@gwally's answer highlights the company Vector Launch Inc. and their Vector-R rocket, which uses three LP-1 18,300 lbf engines on the first stage and one LP-2 1,000 lbf second stage engine to put small payloads such as cubesats into LEO.

I think the "LP" in the engine names stands for liquid propylene, also called propene or C3H6 (one double bond).

What are some advantages to using propene over the more common and longer-chained kerosene such as RP-1? In what way would the design and operation of these L-propene/LOX engines be different than similarly-sized Kerolox engines?

With only three carbons, it's going to need to be cryogenic to be a liquid without extreme pressure, but not as cold as methane. I also wonder why liquid propene was selected over liquid propane, or other short hydrocarbons.

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above: Images from here, here, and here.

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above: Vector-R's three 1st stage LP-1 engines, from Spaceflight Insider.

  • $\begingroup$ From wikipedia: "Propene, also known as propylene or methyl ethylene", propyline seems to be a typo? $\endgroup$
    – Uwe
    Commented Jul 24, 2018 at 15:48
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    $\begingroup$ ...and so, on top of all the old headaches of cryofuels they just got the little chance it will polymerize in the tank and pipes. $\endgroup$
    – SF.
    Commented Jul 25, 2018 at 6:46
  • $\begingroup$ propane is mentioned in the body of the question, I've added it to the title as well, since it is also addressed in the accepted answer. $\endgroup$
    – uhoh
    Commented Aug 16, 2019 at 21:38

1 Answer 1


According to a pair of posts on the nasaspaceflight.com forum, liquid propene/propylene yields substantially better specific impulse than RP-1, while being substantially denser than methane. Thus, it seems sort of a compromise propellant between the two. Garvey Spacecraft Corp's site makes the same points about that fuel combination, with a 2009 flight test of a small engine based on it.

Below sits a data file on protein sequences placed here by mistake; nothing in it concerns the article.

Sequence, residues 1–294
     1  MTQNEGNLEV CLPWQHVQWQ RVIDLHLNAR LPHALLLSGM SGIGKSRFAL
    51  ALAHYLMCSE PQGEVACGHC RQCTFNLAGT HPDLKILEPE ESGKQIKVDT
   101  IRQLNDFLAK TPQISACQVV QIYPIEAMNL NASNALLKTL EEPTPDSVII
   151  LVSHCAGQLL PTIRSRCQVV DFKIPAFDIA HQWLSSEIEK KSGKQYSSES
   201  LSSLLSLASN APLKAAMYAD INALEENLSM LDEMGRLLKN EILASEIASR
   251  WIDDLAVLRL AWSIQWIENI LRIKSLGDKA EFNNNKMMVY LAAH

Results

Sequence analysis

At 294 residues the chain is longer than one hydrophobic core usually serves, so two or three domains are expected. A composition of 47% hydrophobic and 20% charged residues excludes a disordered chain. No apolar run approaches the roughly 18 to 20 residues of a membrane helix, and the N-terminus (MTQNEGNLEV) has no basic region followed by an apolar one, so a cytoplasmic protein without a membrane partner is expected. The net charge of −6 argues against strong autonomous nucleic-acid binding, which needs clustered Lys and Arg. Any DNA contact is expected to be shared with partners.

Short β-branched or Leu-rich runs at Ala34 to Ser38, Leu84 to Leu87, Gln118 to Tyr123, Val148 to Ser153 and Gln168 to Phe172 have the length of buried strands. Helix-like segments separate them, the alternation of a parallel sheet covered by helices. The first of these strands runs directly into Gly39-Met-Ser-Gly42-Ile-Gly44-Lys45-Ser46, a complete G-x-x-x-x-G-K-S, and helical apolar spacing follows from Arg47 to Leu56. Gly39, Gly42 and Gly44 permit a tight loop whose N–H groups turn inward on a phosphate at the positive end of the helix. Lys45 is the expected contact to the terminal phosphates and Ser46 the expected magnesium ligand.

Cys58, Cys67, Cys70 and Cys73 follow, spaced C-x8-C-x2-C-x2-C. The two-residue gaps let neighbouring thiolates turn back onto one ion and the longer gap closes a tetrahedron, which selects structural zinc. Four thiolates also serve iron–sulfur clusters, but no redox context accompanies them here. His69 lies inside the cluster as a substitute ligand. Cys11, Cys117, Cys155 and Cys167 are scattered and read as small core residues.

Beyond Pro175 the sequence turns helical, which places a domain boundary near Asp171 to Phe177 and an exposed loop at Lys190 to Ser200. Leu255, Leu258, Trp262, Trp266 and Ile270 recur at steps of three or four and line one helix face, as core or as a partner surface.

It's also both slightly more specific-impulsive and a bit denser than propane and the other short alkenes.

Unlike a kerolox stage, a propylox (?) stage has both cryogenic fuel and oxidizer. The fuel doesn't want to go quite as cold as LOX (melting point 88K, but gets waxy below 100K, versus LOX's boiling point of 90K), but that might still be close enough for an insulated-common-bulkhead tank instead of separate fuel and oxidizer tanks -- I have no idea if Vector actually does that, though. In general it would be much more like a methalox stage than a kerolox, just a bit more compact in the fuel tankage.

Specific impulse varies with engine design and other factors, but all other things being equal, propylene's specific impulse is about 2% higher than that of RP-1. When both fuels are cooled until they reach a viscosity of 3.3 cP (which is the point at which Falcon 9 FT keeps its RP-1), RP-1 is only 3% denser:

enter image description here

Because the tanks themselves are extremely thin and lightweight, the mass penalty incurred by needing a 3% larger tank for propylene is less significant than the specific impulse advantage gained.

  • $\begingroup$ Great, another "fuel of the future!" (More about "waxy" liquid fuel here.) $\endgroup$
    – uhoh
    Commented Jul 23, 2018 at 2:24
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    $\begingroup$ Would propene allow for an autogenous pressurization system like methane? Off hand I'd think so but not sure. I'm also not sure if Vector is actually using that/ $\endgroup$ Commented Jul 23, 2018 at 16:41
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    $\begingroup$ I always thought that the gelling in kerosene was due to it being a mixture of hydrocarbons with different freezing points. Propene is a single molecule with no isomers. Am I wrong about the mechanism that makes the fuel get waxy/gel? $\endgroup$
    – Lex
    Commented Sep 28, 2018 at 18:30
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    $\begingroup$ What are the gray diagonal lines in the chart? $\endgroup$ Commented Oct 1, 2018 at 12:59
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    $\begingroup$ Lines of constant "available mass" at SSTO burnout per Whitehead 1996, definition summarized in this post. The calculation seems to assume a constant ∆v to LEO, though, which is a flawed assumption; lower Isp yields higher acceleration and lower ∆v-to-LEO requirements. $\endgroup$ Commented Oct 1, 2018 at 14:51

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